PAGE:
Submitted by Anne Landman on
U.S. law requires nutritional labels on retail groceries, but not on restaurant meals, so when former U.S. Food and Drug Administration Commissioner David A. Kessler asked to see the nutritional labels for foods he likes at Chili's restaurant, Chili's refused. An inveterate researcher, Kessler resorted to late-night dumpster-diving to obtain them. He discovered that a single serving of Chili's Southwestern Eggrolls contains a whopping 910 calories, 57 grams of fat and 1,960 milligrams of sodium. The labels mention salt eight different times, and sugars five times. After leading efforts at FDA in the 1990s to regulate nicotine as a drug, Dr. Kessler is exploring the phenomenon of American overeating and the reasons behind the skyrocketing weight gain among the general U.S. population over the last three decades. Dr. Kessler, who has struggled with his own weight over his adult life, discovered that the combination of salt, sugar and fat in foods triggers a chemical change in people's brains that makes them crave more foods containing that same combination. Dr. Kessler sees a parallel between the food industry and the tobacco industry, in that that the food industry manipulates this special salt-sugar-fat combination to induce this neurological response. In his new book, The End of Overeating: Taking Control of the Insatiable American Appetite, Dr. Kessler describes how the food industry tries to "hijack" peoples' brains to sell more food.
Baja K replied on Permalink
Why David Can't be Trusted
The item gives the former Surgeon General undeserved credibility in health matters.
Does Kessler's interest in healthy food extend to pesticide content, chlorine-bleached packaging (of dairy products, especially), antibiotics in meat from rBGH-treated livestock, unsafe synthetic sweeteners, and/or GE "foods"?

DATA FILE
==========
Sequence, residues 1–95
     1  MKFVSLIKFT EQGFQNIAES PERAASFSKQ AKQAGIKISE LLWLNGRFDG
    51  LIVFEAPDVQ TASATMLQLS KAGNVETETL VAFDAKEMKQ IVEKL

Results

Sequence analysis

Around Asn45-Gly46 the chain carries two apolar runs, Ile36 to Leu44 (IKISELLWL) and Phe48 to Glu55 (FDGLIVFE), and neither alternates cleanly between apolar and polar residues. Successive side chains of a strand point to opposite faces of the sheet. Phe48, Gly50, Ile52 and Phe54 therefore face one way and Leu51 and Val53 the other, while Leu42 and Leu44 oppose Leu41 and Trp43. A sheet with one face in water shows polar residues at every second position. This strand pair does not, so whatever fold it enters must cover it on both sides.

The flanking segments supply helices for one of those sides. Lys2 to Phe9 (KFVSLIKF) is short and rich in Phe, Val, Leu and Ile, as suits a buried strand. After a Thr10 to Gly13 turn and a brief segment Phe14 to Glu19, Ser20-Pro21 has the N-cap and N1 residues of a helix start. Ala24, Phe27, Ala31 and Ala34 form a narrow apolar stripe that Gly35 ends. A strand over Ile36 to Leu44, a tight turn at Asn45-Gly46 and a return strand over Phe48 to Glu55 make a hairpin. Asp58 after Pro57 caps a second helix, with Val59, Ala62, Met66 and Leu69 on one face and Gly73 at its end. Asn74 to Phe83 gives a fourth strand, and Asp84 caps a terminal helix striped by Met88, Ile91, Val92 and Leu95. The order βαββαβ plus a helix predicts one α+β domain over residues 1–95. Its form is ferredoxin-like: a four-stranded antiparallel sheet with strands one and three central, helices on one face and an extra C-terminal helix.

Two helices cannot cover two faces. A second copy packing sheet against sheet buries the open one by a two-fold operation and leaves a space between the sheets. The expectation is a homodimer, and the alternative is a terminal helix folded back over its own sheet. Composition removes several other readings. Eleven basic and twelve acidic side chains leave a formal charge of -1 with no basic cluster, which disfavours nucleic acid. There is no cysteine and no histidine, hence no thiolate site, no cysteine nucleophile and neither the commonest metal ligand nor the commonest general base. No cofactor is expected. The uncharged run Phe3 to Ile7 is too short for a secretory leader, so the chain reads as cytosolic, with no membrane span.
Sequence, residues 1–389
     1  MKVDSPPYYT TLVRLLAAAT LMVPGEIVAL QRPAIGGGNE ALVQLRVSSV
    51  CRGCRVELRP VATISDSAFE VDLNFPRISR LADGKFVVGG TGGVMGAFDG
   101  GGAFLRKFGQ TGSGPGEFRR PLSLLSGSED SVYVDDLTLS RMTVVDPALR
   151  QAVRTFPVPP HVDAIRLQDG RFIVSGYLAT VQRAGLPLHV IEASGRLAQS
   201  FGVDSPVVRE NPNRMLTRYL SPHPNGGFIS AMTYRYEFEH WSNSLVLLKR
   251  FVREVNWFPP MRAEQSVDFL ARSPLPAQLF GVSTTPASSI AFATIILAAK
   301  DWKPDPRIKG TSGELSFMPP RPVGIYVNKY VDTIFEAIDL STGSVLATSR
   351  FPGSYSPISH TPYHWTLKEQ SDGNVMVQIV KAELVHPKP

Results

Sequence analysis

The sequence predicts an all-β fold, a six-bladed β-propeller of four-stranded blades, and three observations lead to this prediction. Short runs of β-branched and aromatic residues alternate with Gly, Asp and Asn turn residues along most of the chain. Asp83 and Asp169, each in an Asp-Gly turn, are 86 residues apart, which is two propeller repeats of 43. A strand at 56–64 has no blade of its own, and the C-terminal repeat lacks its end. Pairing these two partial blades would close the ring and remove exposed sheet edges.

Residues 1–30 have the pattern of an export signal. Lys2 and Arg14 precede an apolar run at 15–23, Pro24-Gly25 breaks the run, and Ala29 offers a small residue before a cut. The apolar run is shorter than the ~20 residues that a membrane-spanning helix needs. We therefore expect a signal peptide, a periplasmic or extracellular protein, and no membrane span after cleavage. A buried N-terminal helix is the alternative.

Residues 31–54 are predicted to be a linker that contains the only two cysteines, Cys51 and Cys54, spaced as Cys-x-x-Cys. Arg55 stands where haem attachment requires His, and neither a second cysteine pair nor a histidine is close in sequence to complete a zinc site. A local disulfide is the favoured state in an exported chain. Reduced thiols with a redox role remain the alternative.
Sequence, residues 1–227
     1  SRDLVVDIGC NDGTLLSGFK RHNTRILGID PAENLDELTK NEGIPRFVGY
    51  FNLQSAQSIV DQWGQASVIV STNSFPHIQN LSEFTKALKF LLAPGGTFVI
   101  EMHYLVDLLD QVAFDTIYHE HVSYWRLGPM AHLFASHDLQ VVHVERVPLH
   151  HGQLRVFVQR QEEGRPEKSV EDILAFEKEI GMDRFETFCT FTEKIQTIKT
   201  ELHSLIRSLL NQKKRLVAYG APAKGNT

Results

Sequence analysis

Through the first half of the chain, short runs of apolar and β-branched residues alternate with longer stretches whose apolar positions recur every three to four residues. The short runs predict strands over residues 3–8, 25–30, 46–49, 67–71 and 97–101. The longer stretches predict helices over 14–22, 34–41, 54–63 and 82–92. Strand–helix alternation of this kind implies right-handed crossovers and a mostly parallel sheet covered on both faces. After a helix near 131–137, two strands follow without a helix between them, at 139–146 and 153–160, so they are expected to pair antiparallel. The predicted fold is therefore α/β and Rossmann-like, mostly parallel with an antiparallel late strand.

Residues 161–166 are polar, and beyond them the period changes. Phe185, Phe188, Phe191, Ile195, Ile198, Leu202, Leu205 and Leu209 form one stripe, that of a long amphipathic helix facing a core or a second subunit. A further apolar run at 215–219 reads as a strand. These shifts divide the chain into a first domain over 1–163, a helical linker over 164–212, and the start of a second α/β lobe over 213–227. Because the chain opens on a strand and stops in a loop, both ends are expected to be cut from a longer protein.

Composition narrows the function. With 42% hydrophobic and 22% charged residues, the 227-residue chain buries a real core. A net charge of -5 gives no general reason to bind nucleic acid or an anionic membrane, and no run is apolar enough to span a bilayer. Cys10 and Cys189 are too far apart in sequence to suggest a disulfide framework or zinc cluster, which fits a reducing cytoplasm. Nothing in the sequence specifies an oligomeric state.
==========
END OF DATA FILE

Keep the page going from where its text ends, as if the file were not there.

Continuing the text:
Does this item lump High Fructose Corn Syrup, Aspartame, Splenda and Sorbitol, etc., in its meaning of "sugars"?
It's a good bet that none of that is in his book...which seems to be more aimed at individuals' behavior, over-eating, than at corporate behavior---treating the public as Guinea pigs with wallets.
Kessler does the same thing in his pretend war on Big Tobacco. He prioritizes victims' behavior, "smoking", and ignores the Corporate Behavior of contaminating typical so-called "tobacco products" with more untested and known deadly adulterants than any other imaginable products on the shelves.
Baja K replied on Permalink
Ooops...Not Surgeon General
David Kessler was not Surgeon General, of course. He was chief of the FDA...wherein reside representatives of just about every industry that the FDA is supposed to regulate.
Sherie Sanders replied on Permalink
I find that the title of his book reinforces stereotypes. Americans don't necessarily have insatiable appetites. And while I have no doubt the food industry plays dirty tricks, the failure to move beyond obesity = gluttony paradigm hurts everyone. People also need to realize yoyo dieting makes them fatter (many have gained weight through years of self-denial, not indulgence), as do environmental endocrine disrupters, stress, overwork and genetics. In all fairness I haven't read the book, but I have heard the argument before.
I think mandatory labeling on restaurant menus is a terrible idea. They should be available for those who want them, not forced in the face of those who want to enjoy their dining experience free of weight obsession and diet babble. It would be far better to raise awareness of how additives like MSG are contributing to diabetes and thus weight gain. And it is in EVERYTHING, even those "healthy" (choke) meals from Weight Watchers and Lean Cuisine.